The findings concerning the sorting test, labels provision, visual memory and the actional-dynamic and sensory aspects of the self image are significant also in view of the Bonferroni criteria.

7. Discussion

The findings provide full support for the hypotheses in regard to most of the examined variables. They show that as compared to the abstract group, the concrete group made more mistakes on the sorting test, which indicates that they manifested more perseveration and less flexibility in switching from one rule of organization to another. Further, they evidenced a lower level of logical reasoning which requires applying specific clear cut rules for deducing a conclusion from given postulates or facts. In the task that required providing labels for photos the concrete group manifested a lower conceptualization level and focused instead on listing the different items in the photos. In the visual memory task they proved better memory than the abstract group. All these results are in accord with our hypotheses. However, contrary to the hypotheses, there was no difference between the groups in verbal memory, probably because verbal memory relies on skills that are continuously enhanced by repeated habitual practice to an extent that makes it hard to change by a relatively brief experimental manipulation. The other unexpected result is that the concrete group scored higher on the self image scale than the abstract group. This indicates that the concrete group referred to more aspects of the self when describing their self-image. The reason for this seems to be reflected in the higher score they got on the actional- dynamic and sensory aspects of the self descriptions. The concrete mode was manifested in more attention to the dynamic and the external details of the self image. Notably, the groups did not differ in the partial MBAS score representing the experiential and contextual aspects of the self.

The findings show that manipulating experimentally particular meaning variables of the meaning system that were selected as reflecting the concrete mode or the abstract mode of approach has a predicted effect on performance in a wide ranging set of tasks and even in regard to a personality measure of self- image. The two important points in the results are first, that the changes have been attained by manipulating specific meaning variables rather than directly cognitive variables, and secondly, that the obtained changes concerned a broad range of cognitive tasks and even a personality-based measure. These results imply that the changes in cognition attained by the manipulation of specific sets of meaning variables were comprehensive and basic. Changes of this kind correspond to what is justified to consider as changes in state of consciousness.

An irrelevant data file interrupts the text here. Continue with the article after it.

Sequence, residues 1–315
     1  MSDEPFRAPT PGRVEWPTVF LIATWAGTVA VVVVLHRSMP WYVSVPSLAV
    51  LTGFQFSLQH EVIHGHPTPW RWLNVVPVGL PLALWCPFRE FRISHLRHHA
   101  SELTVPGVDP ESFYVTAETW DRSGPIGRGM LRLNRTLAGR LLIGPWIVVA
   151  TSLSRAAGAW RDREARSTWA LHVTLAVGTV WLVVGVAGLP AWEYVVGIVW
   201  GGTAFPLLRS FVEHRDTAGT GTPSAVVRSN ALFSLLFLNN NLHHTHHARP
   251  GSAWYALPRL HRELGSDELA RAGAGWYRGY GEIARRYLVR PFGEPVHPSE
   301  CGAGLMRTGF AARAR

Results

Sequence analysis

The findings have important implications both theoretically and practically. The theoretical contribution consists mainly in the evidence that there may exist different states of consciousness, that are characterized by various cognitive and other dimensions and that they may be evoked by means of meaning-based manipulations. The practical implication consists in the evidence that individuals function differently in different states of consciousness. For example, the study showed that individuals in the concrete mode have a better visual memory while those in the abstract mode have higher achievements in logical reasoning. Hence, if visual memory is considered as useful in some context, the concrete mode should be produced, but the abstract mode is to be preferred when logical reasoning or flexibility in shifting are considered as necessary for success in functioning. Furthermore, it is likely that the concrete and abstract modes have more manifestations beyond those examined in the present study. Our findings imply that both the concrete and the abstract modes may be produced by individuals themselves if they are taught to do so.

The original assumption that the concrete and the abstract modes correspond to states of consciousness was supported by the present findings. However, this conclusion should be considered merely as preliminary because of the following reasons. The samples of subjects in the present study were limited. The members of each sample were exposed only to one of the two experimental manipulations of meaning variables, whereas a case could be made for the necessity of exposing each member to both modes in a randomly sequential manner as has been done in studies in regard to other states of consciousness (Kreitler, 1999, 2013a) . Further, a more conclusive statement concerning states of consciousness would require testing the effects in regard to a broader set of cognitive and other tasks, including also more manifestations in personality, emotions and behavior. Hence, the present study is merely a first step in the direction of identifying the concrete and abstract modes as states of consciousness. As such they contribute to defining and expanding the domain of research into states of consciousness beyond the two states of personal-subjective and interpersonally-shared states of consciousness that have been studied up to now.

Cite this paper

Kreitler, S. (2017). The Many Faces of Consciousness. Psychology, 8, 119-130.